While the owner and housekeeper are both personable and welcoming, I don’t think I will be coming back here in the future. Overall the accommodations are comparable to many upscale hostels (yes, that had an “s” in it) and low-end B&B’s I have stayed at in the States.
Pluses: friendly staff, clean and reasonably comfortable bed, free wifi (that is reliable and fast), nice selection of teas, nice views from the big porch, staff can arrange transport to and from airport, and kitchen where you can prepare your own food.
Minuses: Shirley Street is unwalkable in this area—it is a very narrow main thoroughfare with no sidewalks and frequently no shoulders either. In order to get to a place that is even remotely safe to walk, you need to cross Shirley and make your way down to Bay Street. This is your only option for walking out of the street La Paloma is on. Additionally, it appears that Nassau has hard water, so there was staining in the bathtub that is rather unsightly.
Things to know:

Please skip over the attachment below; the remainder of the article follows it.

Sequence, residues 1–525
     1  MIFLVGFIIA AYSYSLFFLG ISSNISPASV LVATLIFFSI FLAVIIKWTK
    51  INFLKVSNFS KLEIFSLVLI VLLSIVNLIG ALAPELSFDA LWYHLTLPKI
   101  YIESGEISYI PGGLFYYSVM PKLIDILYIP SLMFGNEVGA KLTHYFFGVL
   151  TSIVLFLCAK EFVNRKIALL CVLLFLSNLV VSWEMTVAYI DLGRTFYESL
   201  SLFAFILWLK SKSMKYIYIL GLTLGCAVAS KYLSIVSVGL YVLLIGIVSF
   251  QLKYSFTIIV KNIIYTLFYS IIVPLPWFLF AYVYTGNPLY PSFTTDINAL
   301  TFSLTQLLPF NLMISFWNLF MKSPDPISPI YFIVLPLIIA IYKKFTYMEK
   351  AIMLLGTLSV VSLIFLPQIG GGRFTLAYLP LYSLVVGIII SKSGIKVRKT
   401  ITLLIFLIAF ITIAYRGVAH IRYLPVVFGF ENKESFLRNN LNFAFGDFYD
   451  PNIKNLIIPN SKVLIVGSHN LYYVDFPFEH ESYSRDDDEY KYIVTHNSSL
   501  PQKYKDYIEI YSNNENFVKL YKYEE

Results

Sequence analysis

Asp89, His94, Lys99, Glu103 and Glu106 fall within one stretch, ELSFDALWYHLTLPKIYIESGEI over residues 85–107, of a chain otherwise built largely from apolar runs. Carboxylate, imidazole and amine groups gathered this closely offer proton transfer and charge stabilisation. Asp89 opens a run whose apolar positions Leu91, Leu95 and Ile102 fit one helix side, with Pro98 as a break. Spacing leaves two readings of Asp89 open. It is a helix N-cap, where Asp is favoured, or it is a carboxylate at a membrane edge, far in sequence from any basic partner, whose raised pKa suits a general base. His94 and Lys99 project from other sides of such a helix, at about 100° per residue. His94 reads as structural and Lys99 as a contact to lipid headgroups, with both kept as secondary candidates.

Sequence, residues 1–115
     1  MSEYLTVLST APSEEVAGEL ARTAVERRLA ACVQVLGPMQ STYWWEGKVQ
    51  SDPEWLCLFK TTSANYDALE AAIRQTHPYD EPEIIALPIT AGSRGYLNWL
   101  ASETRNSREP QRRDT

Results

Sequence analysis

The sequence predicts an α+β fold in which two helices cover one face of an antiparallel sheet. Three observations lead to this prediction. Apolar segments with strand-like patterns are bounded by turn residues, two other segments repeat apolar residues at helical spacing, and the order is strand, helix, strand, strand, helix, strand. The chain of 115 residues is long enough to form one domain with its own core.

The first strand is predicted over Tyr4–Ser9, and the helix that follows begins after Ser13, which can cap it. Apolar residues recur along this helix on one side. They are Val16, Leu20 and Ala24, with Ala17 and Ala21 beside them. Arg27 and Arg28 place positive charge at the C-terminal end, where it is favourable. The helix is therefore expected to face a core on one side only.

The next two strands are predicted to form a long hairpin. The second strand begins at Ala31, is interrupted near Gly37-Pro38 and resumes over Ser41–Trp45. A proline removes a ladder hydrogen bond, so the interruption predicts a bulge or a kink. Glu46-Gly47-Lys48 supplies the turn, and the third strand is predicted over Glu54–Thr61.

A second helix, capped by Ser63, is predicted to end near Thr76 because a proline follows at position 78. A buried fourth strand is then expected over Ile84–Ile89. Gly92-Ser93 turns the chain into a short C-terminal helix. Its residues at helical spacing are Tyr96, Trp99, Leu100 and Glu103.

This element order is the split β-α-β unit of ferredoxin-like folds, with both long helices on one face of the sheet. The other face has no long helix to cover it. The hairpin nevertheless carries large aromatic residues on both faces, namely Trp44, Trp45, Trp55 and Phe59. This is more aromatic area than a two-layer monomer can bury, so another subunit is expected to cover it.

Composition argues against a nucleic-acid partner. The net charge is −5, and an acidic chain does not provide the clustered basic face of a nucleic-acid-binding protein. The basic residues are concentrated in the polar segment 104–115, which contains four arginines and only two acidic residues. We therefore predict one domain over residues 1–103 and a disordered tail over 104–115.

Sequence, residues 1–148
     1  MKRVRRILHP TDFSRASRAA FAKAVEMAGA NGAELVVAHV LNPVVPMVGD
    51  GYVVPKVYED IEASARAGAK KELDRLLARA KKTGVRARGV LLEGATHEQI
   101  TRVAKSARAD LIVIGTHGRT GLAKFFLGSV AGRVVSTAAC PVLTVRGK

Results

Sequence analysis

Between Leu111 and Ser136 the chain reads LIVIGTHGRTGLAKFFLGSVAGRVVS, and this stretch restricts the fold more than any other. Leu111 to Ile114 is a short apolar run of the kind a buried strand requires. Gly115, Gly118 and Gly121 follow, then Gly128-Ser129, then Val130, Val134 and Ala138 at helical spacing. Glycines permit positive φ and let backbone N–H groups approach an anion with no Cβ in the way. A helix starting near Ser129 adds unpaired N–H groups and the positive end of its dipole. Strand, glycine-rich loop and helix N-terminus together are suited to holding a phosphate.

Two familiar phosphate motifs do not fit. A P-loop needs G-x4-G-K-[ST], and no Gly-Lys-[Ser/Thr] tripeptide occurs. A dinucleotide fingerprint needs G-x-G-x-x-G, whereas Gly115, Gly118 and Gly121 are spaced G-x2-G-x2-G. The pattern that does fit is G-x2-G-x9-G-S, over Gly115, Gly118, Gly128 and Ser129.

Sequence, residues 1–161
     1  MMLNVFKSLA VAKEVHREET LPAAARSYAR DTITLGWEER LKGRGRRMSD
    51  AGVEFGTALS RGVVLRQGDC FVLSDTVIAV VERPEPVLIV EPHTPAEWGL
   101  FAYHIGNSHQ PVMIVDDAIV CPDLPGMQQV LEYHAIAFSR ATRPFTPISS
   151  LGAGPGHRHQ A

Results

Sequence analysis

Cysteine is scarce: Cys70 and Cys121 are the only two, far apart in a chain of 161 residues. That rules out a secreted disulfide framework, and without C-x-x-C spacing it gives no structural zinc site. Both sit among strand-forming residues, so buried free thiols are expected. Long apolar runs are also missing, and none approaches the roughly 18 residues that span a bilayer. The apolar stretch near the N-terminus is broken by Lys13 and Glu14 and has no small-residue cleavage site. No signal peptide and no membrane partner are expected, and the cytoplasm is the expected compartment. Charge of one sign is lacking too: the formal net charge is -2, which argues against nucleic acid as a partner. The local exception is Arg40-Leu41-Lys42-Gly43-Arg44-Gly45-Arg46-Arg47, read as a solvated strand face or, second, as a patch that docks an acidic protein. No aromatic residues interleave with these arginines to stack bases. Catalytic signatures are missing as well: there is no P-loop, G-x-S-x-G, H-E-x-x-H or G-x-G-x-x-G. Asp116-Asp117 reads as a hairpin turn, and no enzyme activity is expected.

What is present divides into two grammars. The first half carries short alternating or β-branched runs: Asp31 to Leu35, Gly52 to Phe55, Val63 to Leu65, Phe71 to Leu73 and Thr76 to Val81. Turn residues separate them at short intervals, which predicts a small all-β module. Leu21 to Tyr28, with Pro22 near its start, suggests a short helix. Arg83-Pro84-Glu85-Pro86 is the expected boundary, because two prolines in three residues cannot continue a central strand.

- The draconian rules on the accommodations are strictly enforced (no cancelling after 30 days; minimum of 3 nights; pre-pay in entirety).
- There are three small dogs and a bird that live here. The dogs can be skittish. All the animals (as most animals tend to) make noise at various times of night and day.
- The address is 22 Buen Retiro Road. However, there appear to be two buildings with that address, because Buen Retiro Rd actually is a loop (despite what Google maps thinks). To get to the correct one, you have to take the first right after entering the street then head up to the top of the hill. The house is blue and white with a sign that says “FLETCHER” on it.
- La Paloma is not listed in the local phone directory, so no one who lives in Nassau believes the place exists. Neither the archivists at the National Archives nor my friend who works here could find any local listing for it.
- Also Known As:
- La Paloma Guest House Bahamas/Nassau